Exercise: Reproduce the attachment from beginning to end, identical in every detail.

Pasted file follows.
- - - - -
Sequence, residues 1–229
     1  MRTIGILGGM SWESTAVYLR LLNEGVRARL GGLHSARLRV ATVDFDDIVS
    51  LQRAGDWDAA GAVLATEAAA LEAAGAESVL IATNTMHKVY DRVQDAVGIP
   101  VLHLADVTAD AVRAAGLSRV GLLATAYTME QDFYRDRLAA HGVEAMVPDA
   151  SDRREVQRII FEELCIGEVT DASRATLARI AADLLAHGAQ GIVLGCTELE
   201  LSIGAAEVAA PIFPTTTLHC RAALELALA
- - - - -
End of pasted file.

Sequence, residues 1–229
     1  MRTIGILGGM SWESTAVYLR LLNEGVRARL GGLHSARLRV ATVDFDDIVS
    51  LQRAGDWDAA GAVLATEAAA LEAAGAESVL IATNTMHKVY DRVQDAVGIP
   101  VLHLADVTAD AVRAAGLSRV GLLATAYTME QDFYRDRLAA HGVEAMVPDA
   151  SDRREVQRII FEELCIGEVT DASRATLARI AADLLAHGAQ GIVLGCTELE
   201  LSIGAAEVAA PIFPTTTLHC RAALELALA